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Hi.

Who is used for the subject of the clause
Whom is used for the object of the clause

Is this when they are relative pronouns?

Does is mean that it is 'who' when it is the subject of the main clause or the relatvie clause?
Does this mean that it is 'whom' when it is the object of the main clause or the relative clause?

For example,

'This is who warned me' What is the subject etc in this sentence?

'Whom is this story about?' This is the subject in this sentence, but in the above one it is not. How come?
Comments  
"who" takes the case (subject, object) in the dependent clause.
I know the person to whom the book is dedicated. (object case)

I know the person who gave the dedication. (subject case)
I know the person whom the police arrested.. (object case)
The person whom the police arrested is going to be freed tomorrow.. (object case)

Your sentences:

1) This is who warned me.
Subject: this;
Verb: is;
Predicate; (dependent clause) "who warned me" - Subject "who"; verb - "warned"; direct object "me"
2) 'Whom is this story about?'
subject: story
verb: is
about - preposition
whom - object of the preposition. "about"

.
Excellent, thanks!

However, I have two questions based on your great answer:

Firstly, to clarify, will the 'who/whom' always be at the start of the dependent clause?

Secondly, Also, will it ever be in the main clause? For example, 'whom is this story about?'- there is no dependent clause.

The reason I ask these questions is because I want to have a method/process I go through to establish if it is who/whom. So, If I always seek out the dependent clause (by looking at the who/whom and it is to the right of this), and then if I decide if it is the object or subject of the sentence, I will be fine...

Or can it sometimes be the subject or object of the main clause?
And can it sometimes not begin the dependent clause?

Thanks.
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Excellent, thanks!

However, I have two questions based on your great answer:

Firstly, to clarify, will the 'who/whom' always be at the start of the dependent clause?

Secondly, will it ever be in the main clause? For example, 'whom is this story about?'- there is no dependent clause.

The reason I ask these questions is because I want to have a method/process I go through to establish if it is who/whom. So, If I always seek out the dependent clause (by looking at the who/whom and it is to the right of this), and then if I decide if it is the object or subject of the sentence, I will be fine...

Or can it sometimes be the subject or object of the main clause?
And can it sometimes not begin the dependent clause?

Thanks.
Excellent, thanks!

However, I have two questions based on your great answer:

Firstly, to clarify, will the 'who/whom' always be at the start of the dependent clause?

Secondly, will it ever be in the main clause? For example, 'whom is this story about?'- there is no dependent clause, so does that mean that you decide if it is the object/subject of the main clause, instead?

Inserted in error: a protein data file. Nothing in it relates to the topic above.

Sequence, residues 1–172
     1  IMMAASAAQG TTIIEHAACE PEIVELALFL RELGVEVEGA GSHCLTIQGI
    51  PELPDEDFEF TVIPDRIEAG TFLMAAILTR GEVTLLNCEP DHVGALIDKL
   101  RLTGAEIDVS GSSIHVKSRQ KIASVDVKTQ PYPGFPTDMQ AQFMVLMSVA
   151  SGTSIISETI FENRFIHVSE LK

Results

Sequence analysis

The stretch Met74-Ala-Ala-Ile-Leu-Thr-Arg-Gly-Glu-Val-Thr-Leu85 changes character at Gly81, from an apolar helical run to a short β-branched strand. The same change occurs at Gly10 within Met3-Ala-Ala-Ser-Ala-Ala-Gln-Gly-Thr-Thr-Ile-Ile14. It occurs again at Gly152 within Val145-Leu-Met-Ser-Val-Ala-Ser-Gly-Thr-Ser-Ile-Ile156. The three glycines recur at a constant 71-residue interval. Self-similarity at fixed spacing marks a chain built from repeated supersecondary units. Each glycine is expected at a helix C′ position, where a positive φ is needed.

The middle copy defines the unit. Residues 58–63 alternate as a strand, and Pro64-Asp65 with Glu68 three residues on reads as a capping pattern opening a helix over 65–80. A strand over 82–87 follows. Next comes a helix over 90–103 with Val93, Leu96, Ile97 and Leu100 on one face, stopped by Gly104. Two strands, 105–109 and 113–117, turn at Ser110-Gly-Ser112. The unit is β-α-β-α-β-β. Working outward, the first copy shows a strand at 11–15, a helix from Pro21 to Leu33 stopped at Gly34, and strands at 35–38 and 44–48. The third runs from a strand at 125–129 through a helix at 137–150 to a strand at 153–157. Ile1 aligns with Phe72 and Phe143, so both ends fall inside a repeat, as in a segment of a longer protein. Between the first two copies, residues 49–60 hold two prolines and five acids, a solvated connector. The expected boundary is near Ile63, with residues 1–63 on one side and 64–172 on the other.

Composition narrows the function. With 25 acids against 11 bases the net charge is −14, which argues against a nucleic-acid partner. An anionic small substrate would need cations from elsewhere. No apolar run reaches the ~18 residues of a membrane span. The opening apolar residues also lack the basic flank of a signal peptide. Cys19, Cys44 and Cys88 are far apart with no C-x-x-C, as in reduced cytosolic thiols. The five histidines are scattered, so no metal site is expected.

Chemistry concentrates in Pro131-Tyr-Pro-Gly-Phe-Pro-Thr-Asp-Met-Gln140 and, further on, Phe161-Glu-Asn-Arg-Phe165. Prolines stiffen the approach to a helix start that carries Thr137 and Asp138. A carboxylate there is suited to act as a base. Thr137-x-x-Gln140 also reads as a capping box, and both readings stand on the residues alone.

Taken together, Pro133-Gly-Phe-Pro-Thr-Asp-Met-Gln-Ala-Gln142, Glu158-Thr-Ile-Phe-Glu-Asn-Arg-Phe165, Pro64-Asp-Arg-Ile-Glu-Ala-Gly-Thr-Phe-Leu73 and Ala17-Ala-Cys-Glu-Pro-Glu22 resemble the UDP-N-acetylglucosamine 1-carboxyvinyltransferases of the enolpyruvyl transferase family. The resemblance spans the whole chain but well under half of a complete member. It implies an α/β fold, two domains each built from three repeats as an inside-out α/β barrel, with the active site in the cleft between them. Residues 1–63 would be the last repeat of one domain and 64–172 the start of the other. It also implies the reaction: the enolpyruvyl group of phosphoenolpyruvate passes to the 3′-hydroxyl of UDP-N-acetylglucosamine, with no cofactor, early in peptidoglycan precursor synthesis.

The reason I ask these questions is because I want to have a method/process I go through to establish if it is who/whom. So, If I always seek out the dependent clause (by looking at the who/whom and it is to the right of this), and then if I decide if it is the object or subject of the sentence, I will be fine...

Or can it sometimes be the subject or object of the main clause?
And can it sometimes not begin the dependent clause?

Thanks.

hey what you wrote is really confusing
r u asking a question or answering one

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Firstly, to clarify, will the 'who/whom' always be at the start of the dependent clause?
>> I think so. Most examples I have seen, who/whom is either the object of a proposition (starting the dependent clause), or very close to the noun that it references, and starting the dependent clause. Others may be able to find a counter example, though.

Secondly, Also, will it ever be in the main clause? For example, 'whom is this story about?'- there is no dependent clause.
>> Who / whom may be used in the main clause, mainly in questions. In indicative, mostly you will see who/whom in dependent clauses.
The reason I ask these questions is because I want to have a method/process I go through to establish if it is who/whom. So, If I always seek out the dependent clause (by looking at the who/whom and it is to the right of this), and then if I decide if it is the object or subject of the sentence, I will be fine...

Or can it sometimes be the subject or object of the main clause?
And can it sometimes not begin the dependent clause? .>> You will always recognize a dependent clause - it will have its own verb. I first look for all the verbs in a sentence, then put the other words into clauses by finding the subject, direct / indirect objects that go with the verbs. You do have to be a bit careful of the confusing verbals (gerunds, participles and infinitives) which are not fully verbs!
That is a great help thanks. I will now mainly look for the who/whom to be either the subject or object of the dependent (relative) clause.

Lastly, when I read information on the who/whom concept i came across this as a rule.

'whom is always the correct choice after a preposition'

Does this mean that if whom/who is BEFORE the preosition this rule does not apply?

And does this mean that if the whom/who has to be directly after the preosition or can it be at the end of a clause, for example?

Thanks.